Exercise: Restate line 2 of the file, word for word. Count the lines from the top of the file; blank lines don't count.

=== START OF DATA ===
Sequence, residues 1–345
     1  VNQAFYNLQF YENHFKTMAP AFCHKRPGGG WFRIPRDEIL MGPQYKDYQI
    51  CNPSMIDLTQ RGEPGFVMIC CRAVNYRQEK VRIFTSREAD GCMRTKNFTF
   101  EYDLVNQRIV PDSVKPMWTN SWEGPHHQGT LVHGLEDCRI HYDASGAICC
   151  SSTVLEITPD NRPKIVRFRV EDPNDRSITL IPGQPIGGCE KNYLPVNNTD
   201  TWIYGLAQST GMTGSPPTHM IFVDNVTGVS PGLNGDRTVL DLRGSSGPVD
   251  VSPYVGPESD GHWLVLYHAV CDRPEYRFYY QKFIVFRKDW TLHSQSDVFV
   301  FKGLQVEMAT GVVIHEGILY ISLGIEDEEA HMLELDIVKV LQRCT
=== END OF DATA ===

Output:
     1  VNQAFYNLQF YENHFKTMAP AFCHKRPGGG WFRIPRDEIL MGPQYKDYQI